Posts tagged ‘hyperlexia’
We suffered through the school Christmas pageant last week; happily it wasn’t as painful as I expected it to be. There was definitely no Santa – far too pagan – but there were some familiar Christmas carols coupled with the seriously uncomfortable older kids playing Mary and Joseph with their plastic baby Jesus. C dutifully rehearsed his two lines (he was one of many narrators) and was all ready to speak them slowly into the microphone. “With sheep, cattle, and a manger,” he read, “baby Jesus arrived on a very special night.”
It was all very sweet and good. But I miss the days when school plays were more entertaining – when some kid knocked over the set, sat down and cried, or stole the show. C’s kindergarten play was priceless. C was a pumpkin in a garden full of vegetables. He hated the hat he had to wear (sensory issues), and try as she might, his teacher could not get him to keep it on. He spent the entire play tipping forward, letting his hat fall, and then picking it up, putting it on, and starting all over again. It was hilarious. At the end of the play, C got stuck in front of the curtain and laughed with a joy and abandon that will forever make that video one of my favorite treasures.
When I listened to C rehearse his lines for this year’s play and discovered his mistake, I admit to not working too hard to correct it. I probably should have; the mistake was irreverent in its tone, but the innocence of the misspeak was too cute to worry over. We let it go. To draw attention to it probably would have given C a self-consciousness he rarely exhibits, and we didn’t want to stifle any of his enthusiasm. So we held our breath when C proudly got up to the microphone and said, “With sheep, cattle, and a MANAGER, baby Jesus arrived on a very special night.”
Honestly? I don’t think anyone really noticed. Everyone was so focused on watching their own kid I don’t think people really listened to everyone else’s. But Husband and I chuckled and reveled in the return to the joy that should be a school play. Complete with sheep, cattle, baby Jesus, and his own special manager.
C tends to be on one end of the spectrum or the other, no pun intended. Inevitably during the first weeks of each school year, C’s teacher will email me asking, “Does C go to the bathroom a lot at home? Because he’s going a lot here…” I have to explain to them that he will go a lot (mostly to explore) at first, and then it will wear off…then they’ll email me later in the year with concerns that he’s not going enough during the day.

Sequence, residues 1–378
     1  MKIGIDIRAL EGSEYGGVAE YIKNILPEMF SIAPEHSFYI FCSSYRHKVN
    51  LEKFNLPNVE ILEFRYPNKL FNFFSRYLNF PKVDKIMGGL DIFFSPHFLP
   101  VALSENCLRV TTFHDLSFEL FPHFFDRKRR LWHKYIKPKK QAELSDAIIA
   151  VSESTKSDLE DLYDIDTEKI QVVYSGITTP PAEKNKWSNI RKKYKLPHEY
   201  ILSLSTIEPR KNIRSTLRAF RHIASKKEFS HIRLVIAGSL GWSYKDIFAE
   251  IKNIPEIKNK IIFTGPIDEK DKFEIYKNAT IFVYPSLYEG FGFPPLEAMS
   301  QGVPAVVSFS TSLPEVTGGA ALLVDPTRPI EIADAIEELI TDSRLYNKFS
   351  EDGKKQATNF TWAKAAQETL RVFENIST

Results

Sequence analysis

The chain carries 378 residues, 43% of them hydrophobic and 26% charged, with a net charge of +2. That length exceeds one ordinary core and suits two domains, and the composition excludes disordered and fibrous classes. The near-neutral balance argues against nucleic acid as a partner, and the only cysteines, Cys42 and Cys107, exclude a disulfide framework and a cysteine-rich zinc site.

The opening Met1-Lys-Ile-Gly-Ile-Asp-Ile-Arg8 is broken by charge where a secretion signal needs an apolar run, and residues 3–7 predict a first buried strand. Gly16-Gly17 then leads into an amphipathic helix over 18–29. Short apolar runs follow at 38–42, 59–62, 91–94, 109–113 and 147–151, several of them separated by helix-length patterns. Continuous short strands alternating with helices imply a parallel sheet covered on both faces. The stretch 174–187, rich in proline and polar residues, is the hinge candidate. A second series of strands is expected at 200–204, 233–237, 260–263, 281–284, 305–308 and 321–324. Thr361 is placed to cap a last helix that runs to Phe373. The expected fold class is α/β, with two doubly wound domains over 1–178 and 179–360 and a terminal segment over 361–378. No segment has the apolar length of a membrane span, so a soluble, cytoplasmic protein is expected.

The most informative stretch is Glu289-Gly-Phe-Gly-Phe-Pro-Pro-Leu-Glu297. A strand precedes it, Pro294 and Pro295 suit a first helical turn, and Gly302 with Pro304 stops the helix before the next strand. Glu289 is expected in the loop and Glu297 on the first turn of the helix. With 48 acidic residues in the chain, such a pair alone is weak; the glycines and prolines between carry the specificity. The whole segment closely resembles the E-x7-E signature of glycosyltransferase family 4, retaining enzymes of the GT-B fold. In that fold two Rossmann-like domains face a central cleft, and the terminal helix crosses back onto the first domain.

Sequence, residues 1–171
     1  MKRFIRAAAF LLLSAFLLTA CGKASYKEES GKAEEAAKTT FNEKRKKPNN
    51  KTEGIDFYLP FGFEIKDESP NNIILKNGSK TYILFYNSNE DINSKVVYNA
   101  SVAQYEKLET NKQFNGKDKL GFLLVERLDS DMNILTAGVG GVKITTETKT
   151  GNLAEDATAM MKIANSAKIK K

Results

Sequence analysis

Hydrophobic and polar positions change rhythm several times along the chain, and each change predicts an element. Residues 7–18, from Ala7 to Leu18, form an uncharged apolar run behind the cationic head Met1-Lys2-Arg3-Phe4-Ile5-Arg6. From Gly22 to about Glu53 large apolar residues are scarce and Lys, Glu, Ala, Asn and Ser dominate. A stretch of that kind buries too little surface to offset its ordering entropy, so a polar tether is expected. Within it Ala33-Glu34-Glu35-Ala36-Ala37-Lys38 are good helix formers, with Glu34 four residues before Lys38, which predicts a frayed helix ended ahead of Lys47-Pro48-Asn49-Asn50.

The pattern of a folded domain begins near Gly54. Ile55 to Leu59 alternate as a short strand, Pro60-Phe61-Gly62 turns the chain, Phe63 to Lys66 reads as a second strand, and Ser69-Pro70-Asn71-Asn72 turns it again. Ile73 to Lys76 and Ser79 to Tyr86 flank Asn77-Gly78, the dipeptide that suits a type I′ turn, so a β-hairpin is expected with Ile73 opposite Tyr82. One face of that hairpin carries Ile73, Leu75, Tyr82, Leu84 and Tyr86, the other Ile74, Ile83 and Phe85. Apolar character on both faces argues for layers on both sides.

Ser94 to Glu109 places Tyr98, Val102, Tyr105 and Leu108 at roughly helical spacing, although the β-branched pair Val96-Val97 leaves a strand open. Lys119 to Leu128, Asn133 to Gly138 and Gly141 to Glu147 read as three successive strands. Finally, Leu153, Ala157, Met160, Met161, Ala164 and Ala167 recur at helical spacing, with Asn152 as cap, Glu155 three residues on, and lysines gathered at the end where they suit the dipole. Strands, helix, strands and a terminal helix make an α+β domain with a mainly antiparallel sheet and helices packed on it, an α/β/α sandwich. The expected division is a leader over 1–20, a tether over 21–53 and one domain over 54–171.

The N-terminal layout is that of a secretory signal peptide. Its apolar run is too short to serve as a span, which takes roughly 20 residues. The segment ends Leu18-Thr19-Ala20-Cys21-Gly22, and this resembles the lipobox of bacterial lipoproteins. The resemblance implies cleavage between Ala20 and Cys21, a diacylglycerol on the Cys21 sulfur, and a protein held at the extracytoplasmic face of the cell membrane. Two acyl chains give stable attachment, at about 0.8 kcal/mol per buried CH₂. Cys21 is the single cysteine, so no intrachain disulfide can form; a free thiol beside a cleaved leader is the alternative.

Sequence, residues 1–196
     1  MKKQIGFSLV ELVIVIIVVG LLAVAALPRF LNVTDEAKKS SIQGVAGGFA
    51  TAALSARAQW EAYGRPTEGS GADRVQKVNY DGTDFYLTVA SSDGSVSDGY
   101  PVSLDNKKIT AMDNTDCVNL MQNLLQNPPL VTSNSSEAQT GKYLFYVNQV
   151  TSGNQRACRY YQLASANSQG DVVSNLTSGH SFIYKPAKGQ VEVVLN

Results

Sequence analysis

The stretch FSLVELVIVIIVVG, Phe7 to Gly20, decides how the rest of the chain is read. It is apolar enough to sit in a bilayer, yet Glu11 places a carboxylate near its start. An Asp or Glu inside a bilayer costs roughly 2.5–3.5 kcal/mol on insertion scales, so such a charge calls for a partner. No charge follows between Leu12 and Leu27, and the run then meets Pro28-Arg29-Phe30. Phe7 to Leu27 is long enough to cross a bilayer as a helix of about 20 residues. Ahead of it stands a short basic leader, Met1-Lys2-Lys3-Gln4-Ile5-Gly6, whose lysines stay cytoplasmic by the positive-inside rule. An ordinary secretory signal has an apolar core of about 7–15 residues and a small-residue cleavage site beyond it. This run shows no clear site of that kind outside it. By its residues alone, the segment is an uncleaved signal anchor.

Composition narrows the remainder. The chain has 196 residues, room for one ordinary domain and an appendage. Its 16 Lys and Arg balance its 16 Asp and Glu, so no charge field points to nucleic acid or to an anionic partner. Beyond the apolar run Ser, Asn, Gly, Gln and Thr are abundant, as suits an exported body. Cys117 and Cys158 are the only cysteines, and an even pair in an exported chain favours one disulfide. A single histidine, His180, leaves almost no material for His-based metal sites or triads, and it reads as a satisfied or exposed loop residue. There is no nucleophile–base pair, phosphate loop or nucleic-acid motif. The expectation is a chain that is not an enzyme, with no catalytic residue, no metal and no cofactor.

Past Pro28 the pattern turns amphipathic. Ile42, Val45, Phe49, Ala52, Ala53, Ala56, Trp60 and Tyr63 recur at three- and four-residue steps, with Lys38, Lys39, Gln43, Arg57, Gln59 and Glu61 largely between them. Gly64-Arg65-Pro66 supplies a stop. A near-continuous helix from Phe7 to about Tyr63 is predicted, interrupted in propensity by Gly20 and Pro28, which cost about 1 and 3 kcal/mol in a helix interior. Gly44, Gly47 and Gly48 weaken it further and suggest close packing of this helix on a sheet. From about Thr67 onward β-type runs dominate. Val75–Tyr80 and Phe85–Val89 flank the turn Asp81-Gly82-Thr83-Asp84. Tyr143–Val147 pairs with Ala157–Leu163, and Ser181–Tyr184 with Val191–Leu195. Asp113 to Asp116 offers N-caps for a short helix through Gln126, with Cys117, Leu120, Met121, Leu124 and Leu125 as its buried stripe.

Every. Single. Year.
As is his way, C tends to overdo, generally followed later by underdo. It’s sometimes entertaining and sometimes dangerous (like the kindergarten bathroom experience during his plumbing phase, where he got diarrhea so often it prompted him to ask me if everyone got it once a month). If nothing else, it’s always interesting.
This time, it’s the Bible. We knew it would happen; his previous inexposure to church coupled with an immersion into an Evangelical Christian school would likely result in a soaking up of the information like a sponge. The Bible is appealing to C as it has lots of numbers, chapters, and short clips to memorize. I don’t even have to quiz him on his weekly Bible verse as he usually has it memorized on the first day it is assigned. C asks everyone their favorite verse. It is reminiscent of his weight phase when he was four and asked everyone he encountered – and I mean everyone – their weight. We were all too happy when that one passed. I don’t think I’ve ever explained or apologized as much as I did during that phase.
But I reached my limit this afternoon after 20 solid minutes of Bible discussion – or more of a one-sided fountain of information with few spaces for breath – in the car. “I don’t like Levicious (Leviticus) or Dotonony (Deuteronomy), Mom. What’s your favorite verse you learned by heart? I already know this week’s verse. It’s _____. Mrs. T’s favorite verse is ___, and I asked her if we could learn that next week. So the Jews like the Old Testament and the Christians the New Testament, right? I think I like the Psalms. I know Pa’s favorite verse. I’m not the nicest kid in the world, Mom, Jesus is. Whose name do you say when you pray, God or Jesus? I say Jesus or the Holy Spirit. Did you pray that Mrs. T’s smartboard would work today, Mom? I did. You know you should pray five times a day, don’t you? Do you? Pray five times a day? I do.”
I finally had to ask him to stop. I could barely get a word in edgewise. We’ve had therapists tell us in the past to stop him when he’s going on and on about a special interest, all while ignoring all the cues from other people who have lost interest long ago. We’ve also had therapists tell us that we should be his soft place to fall and should engage and immerse ourselves in C’s special interests every bit as much as he does. I don’t know what the answer is, but I know I’d heard enough proselytizing for a Friday afternoon and had to call “enough.”